Oral cancer occurs inside the mouth and is so often called mouth cancer or oral cavity cancer, and a family dentist will usually check for this disease during routine dental visits. However, if you are experiencing abnormal mouth pain, lumps, or lesions before your next exam, it may be a good idea to schedule an…
When a Family Dentist May Advise a Tooth Extraction
Tooth extractions are some of the most common procedures that a family dentist performs. In fact, the American Dental Association includes extractions on its list of most frequently reported dental procedures. Because many patients undergo this treatment, it is important to understand when it is needed. Because patients should play a key role in their own dental health, the dentist and patient should always have a clear discussion about available options before choosing any treatment. In this way, the patient can feel confident about seeking necessary care.
3 times a family dentist recommends extracting a tooth
A family dentist typically recommends pulling a tooth when it is deemed nonrestorable, causing obvious infection, or causing an alignment problem.
1. Severe decay
When a cavity gets so large that it can no longer be restored, an extraction is the only option. In some cases, the tooth may be badly broken, and often, only the root tips are left. A family dentist recommends removing teeth in this condition because they are simply sources for infection to take hold. There are a number of restorative options available for missing teeth, and the patient can discuss these with the dentist before extraction. A severely decayed tooth is usually unsightly, so patients are often eager to have it removed and replaced.
Although dental infections are somewhat common, these can be quite dangerous if left untreated. If a family dentist detects a badly infected tooth, they may recommend an extraction. Dental infections are often detected by an X-ray. The patient usually presents with a toothache, but sometimes, the infection causes no symptoms at all. The infection can drain into the mouth, and many patients report a foul taste. An infection may arise from a decayed tooth, or it can happen after some type of trauma to the area. Antibiotics may be prescribed before extraction to reduce the amount of infection, but this is left to the dentist's discretion.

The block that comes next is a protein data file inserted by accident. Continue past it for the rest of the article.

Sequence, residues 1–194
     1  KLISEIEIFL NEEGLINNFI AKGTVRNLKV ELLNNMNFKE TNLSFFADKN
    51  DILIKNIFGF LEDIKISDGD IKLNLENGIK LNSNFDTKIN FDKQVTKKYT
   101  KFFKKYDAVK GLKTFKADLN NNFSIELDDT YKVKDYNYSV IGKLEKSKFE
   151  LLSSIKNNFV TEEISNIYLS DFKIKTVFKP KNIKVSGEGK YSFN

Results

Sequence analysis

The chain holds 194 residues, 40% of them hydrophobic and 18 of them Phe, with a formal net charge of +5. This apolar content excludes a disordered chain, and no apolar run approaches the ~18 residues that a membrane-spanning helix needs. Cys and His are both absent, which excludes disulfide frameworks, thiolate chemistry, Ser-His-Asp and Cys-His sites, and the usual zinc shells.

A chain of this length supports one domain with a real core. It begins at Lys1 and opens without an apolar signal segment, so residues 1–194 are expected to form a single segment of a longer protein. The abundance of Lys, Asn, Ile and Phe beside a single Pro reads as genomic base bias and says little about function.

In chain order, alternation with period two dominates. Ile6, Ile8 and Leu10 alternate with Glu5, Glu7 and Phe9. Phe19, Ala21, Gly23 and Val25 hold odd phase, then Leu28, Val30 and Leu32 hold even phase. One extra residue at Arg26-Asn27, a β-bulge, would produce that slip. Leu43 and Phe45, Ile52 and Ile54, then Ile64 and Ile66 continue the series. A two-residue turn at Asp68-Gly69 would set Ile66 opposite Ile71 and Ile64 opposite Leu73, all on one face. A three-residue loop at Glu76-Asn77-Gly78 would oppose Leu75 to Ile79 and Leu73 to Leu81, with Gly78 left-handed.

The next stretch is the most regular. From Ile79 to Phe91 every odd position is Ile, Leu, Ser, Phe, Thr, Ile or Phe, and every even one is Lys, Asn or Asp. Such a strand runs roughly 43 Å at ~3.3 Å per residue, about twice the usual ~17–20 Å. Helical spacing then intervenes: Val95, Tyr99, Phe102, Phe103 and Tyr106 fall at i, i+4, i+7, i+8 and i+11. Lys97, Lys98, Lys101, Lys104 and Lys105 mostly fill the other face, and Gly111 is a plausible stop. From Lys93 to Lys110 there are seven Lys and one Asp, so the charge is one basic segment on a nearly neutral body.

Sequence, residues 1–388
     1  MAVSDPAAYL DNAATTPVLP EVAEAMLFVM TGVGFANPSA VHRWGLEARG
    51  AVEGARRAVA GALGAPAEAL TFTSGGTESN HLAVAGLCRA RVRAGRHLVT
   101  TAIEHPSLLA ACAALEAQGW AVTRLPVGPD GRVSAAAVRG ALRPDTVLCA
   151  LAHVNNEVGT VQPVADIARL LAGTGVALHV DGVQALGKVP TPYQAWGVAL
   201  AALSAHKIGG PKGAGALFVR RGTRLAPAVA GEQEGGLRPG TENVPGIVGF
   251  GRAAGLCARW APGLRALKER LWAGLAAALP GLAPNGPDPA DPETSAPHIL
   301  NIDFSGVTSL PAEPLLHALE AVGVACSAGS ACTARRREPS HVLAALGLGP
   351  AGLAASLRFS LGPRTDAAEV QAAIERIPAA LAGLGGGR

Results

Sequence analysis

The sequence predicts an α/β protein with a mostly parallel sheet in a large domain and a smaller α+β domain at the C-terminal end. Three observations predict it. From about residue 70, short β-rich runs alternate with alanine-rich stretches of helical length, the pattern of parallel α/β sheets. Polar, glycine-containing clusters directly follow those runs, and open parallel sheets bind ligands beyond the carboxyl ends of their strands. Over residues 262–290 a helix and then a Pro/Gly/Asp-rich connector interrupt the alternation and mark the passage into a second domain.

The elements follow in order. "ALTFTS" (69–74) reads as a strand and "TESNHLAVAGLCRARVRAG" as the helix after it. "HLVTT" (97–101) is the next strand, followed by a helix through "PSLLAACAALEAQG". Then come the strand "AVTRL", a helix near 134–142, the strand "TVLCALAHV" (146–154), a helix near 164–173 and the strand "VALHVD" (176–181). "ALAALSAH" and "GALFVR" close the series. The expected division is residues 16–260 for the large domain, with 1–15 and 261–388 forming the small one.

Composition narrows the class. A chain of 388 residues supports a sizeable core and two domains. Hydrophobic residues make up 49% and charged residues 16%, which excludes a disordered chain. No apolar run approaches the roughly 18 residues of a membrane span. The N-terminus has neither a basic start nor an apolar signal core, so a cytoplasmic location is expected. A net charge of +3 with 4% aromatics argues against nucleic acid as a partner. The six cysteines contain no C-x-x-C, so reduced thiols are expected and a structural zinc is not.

Patients who are interested in orthodontics may need some extractions if the teeth are too crowded. The first premolars are the most common teeth to be removed for orthodontic treatment. These extractions are sometimes required for both traditional braces or clear aligner therapy. Patients should discuss the benefits of extractions for straighter teeth but should also know what the results will be like if certain teeth are not extracted. In some cases, adolescents may have retained baby teeth. These must be removed before or during orthodontic therapy to allow the permanent teeth to erupt correctly.
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Every patient is unique, and a family dentist may recommend extractions for many reasons. The important thing is that patients understand why pulling a tooth is necessary and what care will be needed after the procedure. Patients concerned about oral health should visit a dentist for a comprehensive treatment plan. Dedication to good oral health is an important step in overall health.
Lifestyle choices are as important to good oral and dental health as visiting the family dentist twice per year. Establishing healthy day-to-day routines protects the teeth and gums and keeps mouth chemistry balanced. Develop good practices in children at a young age to help build habits that can last a lifetime. Making changes at any…
Most people are aware of the steps needed to ensure the health of their teeth and mouth. Brushing, flossing, rinsing, eating healthy, and making those all-important trips to the family dentist. The American Dental Association recommends two professional visits per year. With six months between visits, your time with your dental provider is not so…